Michigan's Isaiah Livers 'leaving too much on the table'
Ann Arbor — One of sophomore forward Isaiah Livers’ priorities this season was to be more aggressive.
So, when Livers didn’t pull the trigger on an open shot in Saturday’s win over Maryland, he had a sense of what was going to come next.
“There was one where I turned down a corner 3,” Livers said, “and I already knew when I went to the bench Zavier was going to yell at me.”
And junior guard Zavier Simpson certainly did because unlike last season when Livers was the fifth scoring option when he was on the floor, that’s not the case this year.
As the team’s versatile sixth man and top 3-point shooter (42.9 percent), the Wolverines need him to be a force and make his presence felt on both ends, not just on defense.
“I tell him to come in and hunt,” Simpson said. “Don't come in being passive. We don't need you to be passing. Let me do the passing.
“If he's open five times in a row, shoot it five times or drive. I tell him to come in and be thirsty. Come off the bench being thirsty and looking to score.”
With the exception of that one shot, Livers has played with a more assertive mindset the past couple games.
Against Penn State last week, he scored five straight points in 17 seconds by not passing up a clean look from 3-point range before driving hard to the rim to draw a foul and earn two free throws.
Then against Maryland, he sprinted up the floor to help create fast-break opportunities and even pushed the ball in transition off a defensive rebound. He also didn’t shy away from hoisting three consecutive open 3-point attempts, with two of those shots coming on one possession because “we always say go 0-for-8 before you go 0-for-2.”
In both of those games, there was an instance where Livers got the ball out on the perimeter, put it on the floor and attacked a soft spot in the defense by knocking down a pull-up jumper near the free-throw line.
"Coach Dre (DeAndre Haynes) and the other assistants emphasize before games just stay aggressive, take your shots,” said Livers, who is averaging 7.5 points in 21.5 minutes. “Basically, they’re telling me I can do anything any other guy out there can do, I can do just as much as they can do. I just got to believe in himself, and I have been."
And it’s not just his current teammates and coaching staff telling him that.
Even former Wolverine Muhammad-Ali Abdur-Rahkman, a member of last season’s national runner-up team, gave Livers similar words of wisdom when he was in Ann Arbor this past week.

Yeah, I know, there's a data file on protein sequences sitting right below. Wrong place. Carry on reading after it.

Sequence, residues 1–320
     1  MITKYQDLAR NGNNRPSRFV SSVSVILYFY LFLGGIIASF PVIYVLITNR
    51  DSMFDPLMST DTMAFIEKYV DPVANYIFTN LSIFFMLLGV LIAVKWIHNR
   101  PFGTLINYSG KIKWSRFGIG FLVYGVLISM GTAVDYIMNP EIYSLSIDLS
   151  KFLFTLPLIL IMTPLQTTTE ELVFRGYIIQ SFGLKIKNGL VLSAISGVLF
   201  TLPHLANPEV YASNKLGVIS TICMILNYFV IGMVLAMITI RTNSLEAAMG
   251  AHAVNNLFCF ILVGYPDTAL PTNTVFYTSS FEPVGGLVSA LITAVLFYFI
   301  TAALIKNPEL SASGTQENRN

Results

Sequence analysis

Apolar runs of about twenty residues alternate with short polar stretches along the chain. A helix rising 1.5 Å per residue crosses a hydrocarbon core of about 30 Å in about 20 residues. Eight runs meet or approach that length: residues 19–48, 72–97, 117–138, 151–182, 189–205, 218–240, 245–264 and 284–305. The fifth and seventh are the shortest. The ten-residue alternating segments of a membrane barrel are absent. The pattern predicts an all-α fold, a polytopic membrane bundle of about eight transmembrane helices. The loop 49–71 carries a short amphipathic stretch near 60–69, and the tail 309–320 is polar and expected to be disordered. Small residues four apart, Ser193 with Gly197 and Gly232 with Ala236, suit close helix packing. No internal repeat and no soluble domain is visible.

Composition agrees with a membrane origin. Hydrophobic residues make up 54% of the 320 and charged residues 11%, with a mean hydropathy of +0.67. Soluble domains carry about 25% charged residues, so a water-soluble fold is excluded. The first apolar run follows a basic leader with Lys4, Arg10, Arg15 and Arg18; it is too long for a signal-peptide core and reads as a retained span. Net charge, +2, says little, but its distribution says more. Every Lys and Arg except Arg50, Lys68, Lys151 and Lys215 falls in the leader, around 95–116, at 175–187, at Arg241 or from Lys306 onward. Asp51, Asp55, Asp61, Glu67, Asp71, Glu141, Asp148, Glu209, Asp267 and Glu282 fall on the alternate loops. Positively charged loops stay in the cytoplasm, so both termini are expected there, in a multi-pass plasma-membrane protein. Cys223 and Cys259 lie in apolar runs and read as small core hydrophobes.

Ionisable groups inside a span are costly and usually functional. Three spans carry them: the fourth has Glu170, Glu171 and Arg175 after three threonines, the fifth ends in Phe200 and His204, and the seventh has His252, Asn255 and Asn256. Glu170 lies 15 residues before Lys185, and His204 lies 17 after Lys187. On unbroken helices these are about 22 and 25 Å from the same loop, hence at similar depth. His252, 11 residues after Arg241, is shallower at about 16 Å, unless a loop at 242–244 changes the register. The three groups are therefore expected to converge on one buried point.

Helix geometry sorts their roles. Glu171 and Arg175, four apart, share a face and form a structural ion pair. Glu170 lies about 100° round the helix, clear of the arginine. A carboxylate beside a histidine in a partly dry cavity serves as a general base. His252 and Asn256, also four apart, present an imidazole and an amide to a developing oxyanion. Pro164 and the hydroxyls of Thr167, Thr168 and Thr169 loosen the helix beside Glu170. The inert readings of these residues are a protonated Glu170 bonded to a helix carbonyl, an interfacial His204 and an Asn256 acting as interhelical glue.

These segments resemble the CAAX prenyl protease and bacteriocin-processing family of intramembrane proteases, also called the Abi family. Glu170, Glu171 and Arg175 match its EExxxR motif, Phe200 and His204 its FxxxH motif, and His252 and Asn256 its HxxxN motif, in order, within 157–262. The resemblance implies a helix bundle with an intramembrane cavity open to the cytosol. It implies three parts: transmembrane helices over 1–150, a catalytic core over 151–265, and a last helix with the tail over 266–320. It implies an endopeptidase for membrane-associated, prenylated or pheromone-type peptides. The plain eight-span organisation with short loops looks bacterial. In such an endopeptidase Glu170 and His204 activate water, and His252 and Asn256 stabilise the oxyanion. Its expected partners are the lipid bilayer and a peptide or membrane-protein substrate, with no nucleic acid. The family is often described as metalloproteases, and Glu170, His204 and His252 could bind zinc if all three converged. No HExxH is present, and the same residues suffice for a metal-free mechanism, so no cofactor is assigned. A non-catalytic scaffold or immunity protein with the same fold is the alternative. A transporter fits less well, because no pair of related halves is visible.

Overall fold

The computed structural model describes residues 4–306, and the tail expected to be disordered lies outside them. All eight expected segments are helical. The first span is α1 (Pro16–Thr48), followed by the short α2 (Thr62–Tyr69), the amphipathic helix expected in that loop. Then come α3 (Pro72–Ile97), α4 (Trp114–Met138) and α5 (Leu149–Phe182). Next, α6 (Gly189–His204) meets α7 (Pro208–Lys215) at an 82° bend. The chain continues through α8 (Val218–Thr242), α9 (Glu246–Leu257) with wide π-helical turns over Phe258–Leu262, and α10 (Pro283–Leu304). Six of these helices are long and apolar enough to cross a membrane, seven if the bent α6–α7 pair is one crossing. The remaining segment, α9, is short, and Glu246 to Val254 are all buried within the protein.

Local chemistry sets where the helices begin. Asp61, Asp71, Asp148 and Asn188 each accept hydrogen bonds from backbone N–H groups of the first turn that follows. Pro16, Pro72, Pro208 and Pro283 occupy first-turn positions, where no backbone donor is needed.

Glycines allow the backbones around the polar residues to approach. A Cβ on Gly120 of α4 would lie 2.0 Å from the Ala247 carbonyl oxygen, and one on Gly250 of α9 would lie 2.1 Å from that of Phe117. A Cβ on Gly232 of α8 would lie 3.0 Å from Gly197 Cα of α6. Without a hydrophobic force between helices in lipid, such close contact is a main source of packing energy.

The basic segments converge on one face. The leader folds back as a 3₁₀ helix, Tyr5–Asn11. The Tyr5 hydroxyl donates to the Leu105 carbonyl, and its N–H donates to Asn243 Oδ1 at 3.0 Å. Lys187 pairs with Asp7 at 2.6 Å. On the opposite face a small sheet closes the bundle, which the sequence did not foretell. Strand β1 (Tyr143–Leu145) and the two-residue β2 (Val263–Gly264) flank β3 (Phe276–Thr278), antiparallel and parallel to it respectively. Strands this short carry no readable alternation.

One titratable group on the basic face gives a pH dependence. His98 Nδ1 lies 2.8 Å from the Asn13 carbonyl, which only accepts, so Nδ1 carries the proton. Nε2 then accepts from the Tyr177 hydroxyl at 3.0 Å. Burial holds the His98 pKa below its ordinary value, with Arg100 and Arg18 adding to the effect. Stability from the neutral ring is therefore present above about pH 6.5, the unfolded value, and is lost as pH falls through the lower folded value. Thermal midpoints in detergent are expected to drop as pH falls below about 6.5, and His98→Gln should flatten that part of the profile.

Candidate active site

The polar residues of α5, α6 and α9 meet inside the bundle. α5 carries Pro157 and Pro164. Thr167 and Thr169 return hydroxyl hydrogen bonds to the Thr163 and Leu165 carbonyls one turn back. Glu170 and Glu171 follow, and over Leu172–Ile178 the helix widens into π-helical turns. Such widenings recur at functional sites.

“He said sometimes he finds myself looking for a 3 more than cutting to the basket and getting a dunk or making a play for my big man,” Livers said. “It's just simple stuff like that and cutting to the basket.”
Livers has been a key cog all season and appears to be playing at the level he was earlier in the year, which took a hiatus when he was out for two games due to soreness from back spasms.
Last season, Livers suffered an ankle injury late in the regular season — the same one he slightly sprained before this season — and admitted he wasn’t the same player when he returned. But that hasn’t been the case this time and Livers said he feels “110 percent healthy.”
With his health not hindering him, Michigan coach John Beilein said there’s still another gear Livers can reach.
“We've been working with and talking with him a lot because he leaves a lot on the table,” Beilein said. “He shoots 3s well but there's another element to his game that he's still developing, and we've got to encourage it. I thought one time he drove baseline he should've went up and dunked it. But he deferred, and he made another good play and kicked it out.
“He's got to understand angles better and he's learning them. We just got to keep teaching him because he's a tremendous athlete, but he's leaving too much on the table by not having more of an edge when he's driving.”
Livers is aware of it. He tells himself when he goes out on the floor he's going to drive with a purpose and drive to score.
The key to keeping his foot on the pedal? There's one simple solution.
“Do it,” Livers said. “Stop saying it and just do it.”